If you’ve given selling your FBA business any thought, you probably know that most of the value of an online business comes from how much money it makes.
For the most part, this is correct, but there are also many other things that directly influence the value of an Amazon business, some of which are surprisingly quick and easy to take advantage of.
We’ll cover 4 of the easiest and quickest of those here. Those are the very tips that have helped a number of people I know increase the value of their businesses virtually overnight and often by several tens to hundreds of thousands of dollars.
Switch your accounting from cash-based to accrual
I’ve already covered the difference between cash-based and accrual accounting in another article, but I won’t ever stop repeating the importance of this little and seemingly trivial thing.
Assuming all of the source documentation is there, it will take a good accountant anywhere from a few hours to a few days to flip your books from cash to accrual, but this tiny change can increase your business’s valuation a lot.
Take a look at my full write-up on accrual accounting for an example of how a client of mine had the valuation of his business increase by $300,000 just because of this one technicality!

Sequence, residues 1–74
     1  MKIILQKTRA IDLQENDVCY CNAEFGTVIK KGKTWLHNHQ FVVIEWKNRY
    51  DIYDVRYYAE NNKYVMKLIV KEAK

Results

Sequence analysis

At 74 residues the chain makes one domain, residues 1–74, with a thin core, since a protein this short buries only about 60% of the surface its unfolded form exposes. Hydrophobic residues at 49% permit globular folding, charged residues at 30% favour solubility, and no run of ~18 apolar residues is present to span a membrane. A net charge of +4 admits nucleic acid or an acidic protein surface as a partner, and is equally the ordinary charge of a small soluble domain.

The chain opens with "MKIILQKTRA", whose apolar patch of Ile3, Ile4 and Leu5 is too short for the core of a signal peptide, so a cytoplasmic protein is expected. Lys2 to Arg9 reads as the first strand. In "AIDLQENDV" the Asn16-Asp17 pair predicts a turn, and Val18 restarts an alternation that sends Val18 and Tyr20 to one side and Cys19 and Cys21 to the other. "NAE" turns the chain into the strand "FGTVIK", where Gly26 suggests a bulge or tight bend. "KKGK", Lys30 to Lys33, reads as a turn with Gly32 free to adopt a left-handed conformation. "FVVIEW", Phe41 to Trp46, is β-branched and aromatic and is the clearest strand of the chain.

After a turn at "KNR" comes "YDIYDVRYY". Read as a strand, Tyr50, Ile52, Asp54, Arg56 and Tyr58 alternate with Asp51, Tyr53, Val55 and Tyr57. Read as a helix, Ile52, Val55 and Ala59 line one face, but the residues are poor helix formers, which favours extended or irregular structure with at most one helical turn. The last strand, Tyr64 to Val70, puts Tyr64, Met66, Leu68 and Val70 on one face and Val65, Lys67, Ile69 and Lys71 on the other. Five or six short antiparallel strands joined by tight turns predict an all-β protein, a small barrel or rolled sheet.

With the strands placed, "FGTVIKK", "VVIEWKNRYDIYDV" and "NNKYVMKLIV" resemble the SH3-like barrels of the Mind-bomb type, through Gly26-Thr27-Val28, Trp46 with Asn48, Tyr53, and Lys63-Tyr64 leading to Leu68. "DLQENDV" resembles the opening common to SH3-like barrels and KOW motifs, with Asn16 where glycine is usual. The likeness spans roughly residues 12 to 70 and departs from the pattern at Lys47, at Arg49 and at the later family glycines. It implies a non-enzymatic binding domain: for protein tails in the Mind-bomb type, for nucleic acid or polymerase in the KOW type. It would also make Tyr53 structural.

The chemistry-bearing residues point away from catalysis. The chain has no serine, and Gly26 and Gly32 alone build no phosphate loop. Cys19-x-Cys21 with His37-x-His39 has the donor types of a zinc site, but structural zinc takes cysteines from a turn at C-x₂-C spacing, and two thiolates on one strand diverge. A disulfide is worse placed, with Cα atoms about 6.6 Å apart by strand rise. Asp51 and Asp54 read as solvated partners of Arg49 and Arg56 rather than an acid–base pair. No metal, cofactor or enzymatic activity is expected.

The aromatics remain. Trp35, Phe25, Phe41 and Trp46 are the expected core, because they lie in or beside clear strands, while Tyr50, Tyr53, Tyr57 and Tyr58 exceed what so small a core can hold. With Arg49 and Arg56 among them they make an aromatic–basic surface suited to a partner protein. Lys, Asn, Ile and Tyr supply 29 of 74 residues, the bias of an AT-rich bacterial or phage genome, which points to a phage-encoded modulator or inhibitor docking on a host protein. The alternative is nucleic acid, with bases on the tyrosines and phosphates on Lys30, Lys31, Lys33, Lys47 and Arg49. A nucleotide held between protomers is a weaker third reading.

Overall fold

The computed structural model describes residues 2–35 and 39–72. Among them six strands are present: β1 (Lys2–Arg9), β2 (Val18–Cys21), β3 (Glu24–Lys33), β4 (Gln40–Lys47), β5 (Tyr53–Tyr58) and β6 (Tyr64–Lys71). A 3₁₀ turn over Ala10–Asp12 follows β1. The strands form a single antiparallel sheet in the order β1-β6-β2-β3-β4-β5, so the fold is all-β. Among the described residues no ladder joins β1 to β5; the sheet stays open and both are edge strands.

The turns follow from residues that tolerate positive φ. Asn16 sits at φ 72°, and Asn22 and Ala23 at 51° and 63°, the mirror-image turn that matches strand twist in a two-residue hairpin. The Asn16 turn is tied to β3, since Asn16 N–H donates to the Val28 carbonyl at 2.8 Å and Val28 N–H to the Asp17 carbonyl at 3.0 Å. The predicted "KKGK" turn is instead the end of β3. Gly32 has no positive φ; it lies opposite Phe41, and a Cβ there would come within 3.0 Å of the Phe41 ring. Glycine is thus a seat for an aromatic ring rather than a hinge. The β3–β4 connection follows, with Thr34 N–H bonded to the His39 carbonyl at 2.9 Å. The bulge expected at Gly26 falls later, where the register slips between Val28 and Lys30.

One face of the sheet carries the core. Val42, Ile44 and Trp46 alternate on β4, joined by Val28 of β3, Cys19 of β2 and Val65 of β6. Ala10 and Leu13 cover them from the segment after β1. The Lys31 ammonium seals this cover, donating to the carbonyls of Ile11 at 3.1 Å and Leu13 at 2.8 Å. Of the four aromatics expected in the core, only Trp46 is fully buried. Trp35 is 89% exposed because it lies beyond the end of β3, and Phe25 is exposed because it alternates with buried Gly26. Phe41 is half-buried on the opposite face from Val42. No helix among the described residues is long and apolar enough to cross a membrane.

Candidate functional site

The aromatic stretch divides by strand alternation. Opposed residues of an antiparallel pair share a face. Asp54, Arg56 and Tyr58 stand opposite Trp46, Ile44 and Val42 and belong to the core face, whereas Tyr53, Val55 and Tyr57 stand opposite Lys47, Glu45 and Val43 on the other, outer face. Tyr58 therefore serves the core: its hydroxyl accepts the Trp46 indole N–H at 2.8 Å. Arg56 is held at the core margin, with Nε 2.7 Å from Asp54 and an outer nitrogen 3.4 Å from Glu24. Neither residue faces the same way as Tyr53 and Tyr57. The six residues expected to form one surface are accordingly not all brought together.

Prepare Proper Documentation
Many brokers and other industry professionals claim that valuation and sellability are two separate things and topics like due diligence and available documentation belong in the latter category, not affecting the valuation as such. Others disagree and claim that every business is sellable, as long as it’s priced correctly.
Regardless of which of the two camps you choose to listen to, one thing is for sure – successfully selling your business requires it to sell in the first place, as well as to attract a fair price. And this means that regardless of how good your business is, your due diligence documentation also needs to be in order or your fairly-priced business may end up either not selling or not selling for the price you were hoping for.
To make matters worse, there’s a sub-segment of buyers out there who systematically go under LOI, only to put a ton of effort into finding holes in the due diligence phase and use these holes to (often successfully) re-negotiate the price on the 11th hour when all your other buyer leads have already gone cold and you’ve grown increasingly anxious to get the process wrapped up.